It’s impossible to measure the pain and suffering we endured during 2020, and we know that more hard times are on the way. But 2020 also awakened a spirit of social solidarity that we desperately need. Reckoning with the health crisis and its aftermath will force us to reconsider who we are and what we value. In the long run, it could help us rediscover the better version of ourselves. Rekindling social solidarity will require changing the way we conceive of and organize the neighborhood, the workplace, the city, and the nation.
We can begin where we live, because our neighbors and neighborhoods shape us in ways that are invisible, especially when we spend so much time on our screens. If the people who live nearby are amiable, we feel safe and secure in parks and playgrounds; we socialize on our sidewalks and stoops. We develop a sense of shared responsibility, and look after each other. We knock on our older neighbor’s door during heat waves, drop off food during a pandemic. If the people who live near us are menacing, however, we grow cautious and distrustful. When the sociologist Elijah Anderson did fieldwork in poor, segregated neighborhoods in Philadelphia, he found that high levels of crime led old people and families with children to hunker down, even at life stages where neighborly support can help.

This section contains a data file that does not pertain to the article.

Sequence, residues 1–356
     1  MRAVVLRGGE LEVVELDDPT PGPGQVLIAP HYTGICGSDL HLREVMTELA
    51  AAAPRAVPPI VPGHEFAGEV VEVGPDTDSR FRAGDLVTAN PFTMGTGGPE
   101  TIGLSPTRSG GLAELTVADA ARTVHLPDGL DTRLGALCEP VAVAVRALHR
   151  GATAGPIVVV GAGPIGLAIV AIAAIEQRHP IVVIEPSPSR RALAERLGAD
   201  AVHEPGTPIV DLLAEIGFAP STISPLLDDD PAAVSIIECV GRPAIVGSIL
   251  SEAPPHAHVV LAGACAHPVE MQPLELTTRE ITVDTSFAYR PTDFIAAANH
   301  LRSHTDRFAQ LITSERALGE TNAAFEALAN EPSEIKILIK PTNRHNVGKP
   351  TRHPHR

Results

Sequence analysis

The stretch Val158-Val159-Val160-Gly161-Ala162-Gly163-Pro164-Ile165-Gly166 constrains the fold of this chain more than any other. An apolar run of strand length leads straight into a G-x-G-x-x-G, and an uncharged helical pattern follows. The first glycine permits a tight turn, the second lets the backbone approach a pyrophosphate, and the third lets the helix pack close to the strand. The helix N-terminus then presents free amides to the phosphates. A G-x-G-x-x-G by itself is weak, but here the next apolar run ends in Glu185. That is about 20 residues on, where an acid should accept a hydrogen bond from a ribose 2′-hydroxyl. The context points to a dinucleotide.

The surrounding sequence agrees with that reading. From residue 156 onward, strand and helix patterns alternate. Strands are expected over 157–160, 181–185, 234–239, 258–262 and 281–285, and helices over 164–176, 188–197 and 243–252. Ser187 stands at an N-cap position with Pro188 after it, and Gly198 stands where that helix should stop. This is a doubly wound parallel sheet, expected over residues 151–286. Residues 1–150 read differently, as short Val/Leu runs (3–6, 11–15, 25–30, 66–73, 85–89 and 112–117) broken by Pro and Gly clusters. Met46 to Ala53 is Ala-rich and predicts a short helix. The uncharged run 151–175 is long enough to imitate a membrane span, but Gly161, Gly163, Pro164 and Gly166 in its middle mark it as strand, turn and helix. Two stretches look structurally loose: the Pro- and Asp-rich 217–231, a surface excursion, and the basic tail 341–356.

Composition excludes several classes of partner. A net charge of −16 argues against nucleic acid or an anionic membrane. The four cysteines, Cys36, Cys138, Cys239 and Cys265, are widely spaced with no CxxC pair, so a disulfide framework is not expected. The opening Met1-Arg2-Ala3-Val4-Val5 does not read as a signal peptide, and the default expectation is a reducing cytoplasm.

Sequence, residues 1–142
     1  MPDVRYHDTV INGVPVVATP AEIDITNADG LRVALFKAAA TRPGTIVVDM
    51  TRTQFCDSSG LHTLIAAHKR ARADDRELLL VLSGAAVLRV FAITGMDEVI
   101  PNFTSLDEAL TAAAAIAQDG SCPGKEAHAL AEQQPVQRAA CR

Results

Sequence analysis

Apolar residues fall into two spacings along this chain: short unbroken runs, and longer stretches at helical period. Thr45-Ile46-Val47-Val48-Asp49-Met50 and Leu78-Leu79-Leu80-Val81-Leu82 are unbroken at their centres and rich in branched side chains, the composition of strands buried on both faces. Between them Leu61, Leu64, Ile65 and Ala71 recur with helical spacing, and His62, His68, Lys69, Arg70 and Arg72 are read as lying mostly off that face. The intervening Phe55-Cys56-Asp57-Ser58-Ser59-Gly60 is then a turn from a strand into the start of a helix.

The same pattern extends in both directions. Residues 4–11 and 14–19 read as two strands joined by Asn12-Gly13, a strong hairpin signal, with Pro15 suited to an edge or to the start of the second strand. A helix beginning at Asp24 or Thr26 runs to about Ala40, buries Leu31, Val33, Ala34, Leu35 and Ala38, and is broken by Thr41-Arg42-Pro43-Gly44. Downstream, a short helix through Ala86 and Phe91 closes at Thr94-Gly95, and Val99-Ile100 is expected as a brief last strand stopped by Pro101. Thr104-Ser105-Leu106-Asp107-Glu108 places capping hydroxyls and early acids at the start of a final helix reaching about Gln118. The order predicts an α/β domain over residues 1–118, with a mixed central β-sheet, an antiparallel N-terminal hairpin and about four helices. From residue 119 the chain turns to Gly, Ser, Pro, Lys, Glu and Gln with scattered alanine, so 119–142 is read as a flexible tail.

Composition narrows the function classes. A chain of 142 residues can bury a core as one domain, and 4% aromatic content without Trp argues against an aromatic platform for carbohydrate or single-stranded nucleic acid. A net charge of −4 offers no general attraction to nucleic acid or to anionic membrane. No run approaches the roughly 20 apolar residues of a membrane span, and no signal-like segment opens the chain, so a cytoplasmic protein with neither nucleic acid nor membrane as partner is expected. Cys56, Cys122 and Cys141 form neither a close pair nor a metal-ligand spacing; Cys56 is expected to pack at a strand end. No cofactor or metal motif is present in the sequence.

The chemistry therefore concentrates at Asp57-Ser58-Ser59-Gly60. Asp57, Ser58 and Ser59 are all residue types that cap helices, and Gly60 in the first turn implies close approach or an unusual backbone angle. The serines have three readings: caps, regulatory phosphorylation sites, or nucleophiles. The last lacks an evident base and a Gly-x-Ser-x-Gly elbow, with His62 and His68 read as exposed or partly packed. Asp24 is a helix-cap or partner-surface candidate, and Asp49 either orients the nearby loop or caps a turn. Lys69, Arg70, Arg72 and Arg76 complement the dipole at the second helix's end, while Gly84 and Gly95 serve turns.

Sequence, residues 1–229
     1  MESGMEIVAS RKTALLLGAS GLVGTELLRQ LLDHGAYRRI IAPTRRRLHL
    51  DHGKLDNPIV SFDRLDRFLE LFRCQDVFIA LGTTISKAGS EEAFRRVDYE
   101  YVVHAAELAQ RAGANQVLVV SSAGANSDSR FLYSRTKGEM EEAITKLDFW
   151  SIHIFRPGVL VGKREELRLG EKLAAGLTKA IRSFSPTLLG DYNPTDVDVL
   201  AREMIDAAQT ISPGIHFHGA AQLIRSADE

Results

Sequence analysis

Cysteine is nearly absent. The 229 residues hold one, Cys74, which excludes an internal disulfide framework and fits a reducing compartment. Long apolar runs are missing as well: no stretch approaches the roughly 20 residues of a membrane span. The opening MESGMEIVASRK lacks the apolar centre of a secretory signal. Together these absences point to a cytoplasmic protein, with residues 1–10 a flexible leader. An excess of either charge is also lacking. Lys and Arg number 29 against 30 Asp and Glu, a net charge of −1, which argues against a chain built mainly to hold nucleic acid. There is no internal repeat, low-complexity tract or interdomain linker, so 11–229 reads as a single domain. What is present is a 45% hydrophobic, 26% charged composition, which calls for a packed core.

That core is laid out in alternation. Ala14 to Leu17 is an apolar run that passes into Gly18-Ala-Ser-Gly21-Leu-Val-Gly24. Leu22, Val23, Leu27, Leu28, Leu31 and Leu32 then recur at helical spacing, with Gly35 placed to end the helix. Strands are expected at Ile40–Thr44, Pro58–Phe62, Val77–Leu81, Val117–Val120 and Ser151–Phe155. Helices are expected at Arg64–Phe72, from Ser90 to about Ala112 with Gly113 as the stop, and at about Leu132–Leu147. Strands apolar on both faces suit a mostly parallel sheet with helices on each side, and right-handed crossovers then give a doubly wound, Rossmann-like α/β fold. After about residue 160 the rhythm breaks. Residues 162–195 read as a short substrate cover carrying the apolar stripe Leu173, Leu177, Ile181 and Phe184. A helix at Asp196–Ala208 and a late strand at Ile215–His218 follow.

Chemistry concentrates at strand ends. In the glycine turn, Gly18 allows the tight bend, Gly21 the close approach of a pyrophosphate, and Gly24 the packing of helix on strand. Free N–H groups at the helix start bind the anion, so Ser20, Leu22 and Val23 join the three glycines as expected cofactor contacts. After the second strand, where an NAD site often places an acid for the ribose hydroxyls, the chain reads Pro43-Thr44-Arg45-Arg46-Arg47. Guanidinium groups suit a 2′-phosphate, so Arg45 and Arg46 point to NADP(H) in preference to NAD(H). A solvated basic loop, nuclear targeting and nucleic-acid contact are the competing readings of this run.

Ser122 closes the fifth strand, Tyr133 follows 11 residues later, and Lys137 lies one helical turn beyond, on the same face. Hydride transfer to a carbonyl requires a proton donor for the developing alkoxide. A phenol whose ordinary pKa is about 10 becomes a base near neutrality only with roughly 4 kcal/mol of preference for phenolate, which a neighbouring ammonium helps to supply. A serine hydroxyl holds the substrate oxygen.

Children, we know, are deeply affected by local conditions. Living near high-achieving peers and having easy access to libraries, community centers, good schools, and athletic fields pave the way to successful cognitive, emotional, and physical development. Living close to violence delays child development, or worse. Parents, even the most loving and supportive, can only do so much on their own.
Today, though, poor people in segregated neighborhoods are not alone in their dissatisfaction with the social life and mutual support systems in their communities. Across the country, in cities and suburbs, residents of solidly middle class and even affluent neighborhoods complain that people don’t engage with or take care of one another like they once did. Some of this is nostalgia, a longing for idealized communities that were never as tight as we imagine. But the best research on neighborhoods tells us that there is a fundamental truth behind this feeling: contemporary Americans are much less likely to spend time with neighbors. No matter how many friends we have on Facebook or how often we meet colleagues for drinks after work, there’s a hole at the center of our experience.
Americans have so much to gain from building solidarity in the neighborhood, but doing this requires some critical thinking about what’s wrong with the way we’ve been treating each other, and about how our fantasies of independence compromise our well-being. Today, too many Americans feel ashamed to admit that they need anyone. They’d rather be miserable, stressed, and sick than let anyone think they can’t take care of themselves.